Prof: punishing protesters promotes 'white supremacy'
- Prof. Charles H.F. Davis recently argued in an essay that punishing protesters, who are disproportionately "students of color and students representing other marginalized groups" contributes to white supremacy.
- Davis also warned that colleges should “resist the constant conflation of hate speech and free speech.”
A University of Southern California professor recently argued that punishing protesters who disrupt conservative speakers can reinforce “white supremacy.”
Charles H.F. Davis, a professor of education at USC, argued in an essay for Inside Higher Ed that punishing protesters contributes to white supremacy because it can unfairly “suppress and criminalize” students, especially in light of protesters’ valiant goals.
For example, Davis argues against punishing students who shouted down a recent Ben Shapiro talk at the University of Wisconsin-Madison, since students were fighting against “racist rhetoric advanced by Shapiro.”
In an interview with Campus Reform, Davis explained that “punishing protesters unfairly criminalizes students,” and that colleges who do so “run the risk of creating an unsafe and threatening environment.”
Davis defines protesters as those who “use disruptive tactics to shut down hate speech as well as those holding signs, protesting outside of speaker venues, and engaged in other forms of resistance against white supremacy.”
Students who protest “are disproportionately students of color and students representing other marginalized groups,” Davis noted. “Issuing a punishment, especially in these cases, is a clear form of criminalization by deeming protest unacceptable,” he added.
Further, while hate speech is protected by the First Amendment, Davis warns that colleges should “resist the constant conflation of hate speech and free speech,” adding that this is justified because hate speech is “violent and invites violence, which should not be allowed on-campus.”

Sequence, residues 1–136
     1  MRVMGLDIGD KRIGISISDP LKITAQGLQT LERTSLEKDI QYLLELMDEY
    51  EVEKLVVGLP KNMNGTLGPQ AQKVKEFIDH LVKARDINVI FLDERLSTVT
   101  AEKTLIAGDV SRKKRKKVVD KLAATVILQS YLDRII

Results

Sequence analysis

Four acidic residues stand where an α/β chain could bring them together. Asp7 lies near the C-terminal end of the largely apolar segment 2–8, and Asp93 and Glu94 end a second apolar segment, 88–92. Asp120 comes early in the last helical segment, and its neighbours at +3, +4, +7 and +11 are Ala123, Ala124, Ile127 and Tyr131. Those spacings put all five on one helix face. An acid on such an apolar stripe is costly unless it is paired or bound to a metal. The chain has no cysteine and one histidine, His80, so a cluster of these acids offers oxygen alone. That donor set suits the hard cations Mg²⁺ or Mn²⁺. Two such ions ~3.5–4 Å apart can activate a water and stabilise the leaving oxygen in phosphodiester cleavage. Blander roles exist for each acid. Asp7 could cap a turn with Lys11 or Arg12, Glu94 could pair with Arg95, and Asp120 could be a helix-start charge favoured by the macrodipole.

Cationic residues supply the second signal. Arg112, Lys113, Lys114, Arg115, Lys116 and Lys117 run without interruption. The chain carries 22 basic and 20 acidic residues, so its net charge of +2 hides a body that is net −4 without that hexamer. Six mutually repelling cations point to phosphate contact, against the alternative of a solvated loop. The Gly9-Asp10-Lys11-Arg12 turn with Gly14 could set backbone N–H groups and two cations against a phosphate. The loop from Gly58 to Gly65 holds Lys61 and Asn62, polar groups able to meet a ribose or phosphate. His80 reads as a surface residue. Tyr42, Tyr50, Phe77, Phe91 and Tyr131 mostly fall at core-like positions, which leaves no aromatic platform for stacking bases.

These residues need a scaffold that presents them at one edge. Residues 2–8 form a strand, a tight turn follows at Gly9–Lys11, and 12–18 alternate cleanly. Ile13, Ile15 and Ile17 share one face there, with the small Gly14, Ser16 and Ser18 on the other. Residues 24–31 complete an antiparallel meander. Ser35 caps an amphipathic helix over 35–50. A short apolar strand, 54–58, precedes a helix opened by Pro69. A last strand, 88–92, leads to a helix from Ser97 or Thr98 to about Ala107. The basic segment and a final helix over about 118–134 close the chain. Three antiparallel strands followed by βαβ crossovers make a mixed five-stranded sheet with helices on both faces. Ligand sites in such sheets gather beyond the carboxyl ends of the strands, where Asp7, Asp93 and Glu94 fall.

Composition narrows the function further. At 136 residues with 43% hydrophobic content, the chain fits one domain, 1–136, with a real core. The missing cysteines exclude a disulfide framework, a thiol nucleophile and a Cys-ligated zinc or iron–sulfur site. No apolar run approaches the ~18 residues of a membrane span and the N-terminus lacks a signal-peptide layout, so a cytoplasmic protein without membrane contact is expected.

The violence seen in Charlottesville, Virginia and Berkeley, California earlier this year, seen when far-right speakers clashed with protesters, is indicative of this potential for violence, Davis notes
Instead of punishing protesters, Davis encourages senior leaders to “spend substantive time listening to student protesters’ concerns.”
“Within the past two academic years, more than 100 student collectives issued demands to their respective institutions,” he said, arguing that many colleges have exacerbated racial issues by “allowing the presence of white supremacy on-campus.”
Thus, protesters should be listened to, not punished, he argues.
“By taking up a punitive approach to what is clearly a demand for greater racial equity and inclusion, administrators demonstrate they are more concerned with criminalizing those who labor in the name of justice than addressing real issues with material consequences for students of color,” he concluded.
Davis is also the Chief Strategy Office at the USC Race and Equity Center, which was designed to unite professors “whose scholarship focuses on people of color, racial inequities, immigration and related topics.”
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